Donald Trump recently extended an enticing offer to Vernon Jones: drop your flailing gubernatorial bid to run for a US House seat in Georgia, and you’ll earn the former President’s endorsement.
Jones is still debating whether to stick with the uphill race against former Sen. David Perdue, who is backed by Trump, and incumbent Republican Gov. Brian Kemp, who has drawn the former President’s wrath for refusing to flout the law and overturn his loss in 2020.
But either way, his decision could pose an awkward problem for Trump. If Jones runs for the 10th congressional district, which is one of the seats he is considering, it would put Trump directly at odds with several members of the conservative House Freedom Caucus who have already endorsed a different candidate in that contest. One Georgia Republican said the delegation would be frustrated if Jones launches a congressional bid there with Trump’s official blessing.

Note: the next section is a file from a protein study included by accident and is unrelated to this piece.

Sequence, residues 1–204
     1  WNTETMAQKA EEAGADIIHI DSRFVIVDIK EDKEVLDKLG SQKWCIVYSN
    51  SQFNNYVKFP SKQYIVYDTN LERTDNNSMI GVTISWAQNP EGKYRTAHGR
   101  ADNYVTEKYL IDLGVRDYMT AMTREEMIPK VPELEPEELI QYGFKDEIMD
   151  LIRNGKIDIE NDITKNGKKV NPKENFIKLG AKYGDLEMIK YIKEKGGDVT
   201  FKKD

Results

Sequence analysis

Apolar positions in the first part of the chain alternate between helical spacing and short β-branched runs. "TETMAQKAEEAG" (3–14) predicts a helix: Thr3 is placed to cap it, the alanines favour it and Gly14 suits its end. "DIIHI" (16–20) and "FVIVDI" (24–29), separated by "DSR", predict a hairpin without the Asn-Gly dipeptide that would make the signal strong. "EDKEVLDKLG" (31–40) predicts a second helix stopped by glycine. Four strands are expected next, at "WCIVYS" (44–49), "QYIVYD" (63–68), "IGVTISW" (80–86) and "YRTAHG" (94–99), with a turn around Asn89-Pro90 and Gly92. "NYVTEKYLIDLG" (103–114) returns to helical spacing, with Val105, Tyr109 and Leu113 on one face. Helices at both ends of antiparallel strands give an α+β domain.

And if Jones rejects Trump’s overture, it would be the second time in as many weeks that the former President has failed to clear the field for his preferred candidate. Trump attempted a similar maneuver in North Carolina, Trump-backed Rep. Ted Budd has failed to emerge as the definitive front-runner in a US Senate primary race against former Gov. Pat McCrory and former Rep. Mark Walker. Trump offered to endorse Walker if he dropped out and ran for a House seat, but the former congressman declined, leaving the contest a three-way race.
Those primary struggles are only adding to the growing frustrations that some of Trump’s endorsements have created in certain corners of the GOP. With end-of-the-year finance reports now public, it’s clear some of Trump’s candidates have struggled to raise cash or pull ahead in the polls — even as the former President built a massive war chest of his own last year.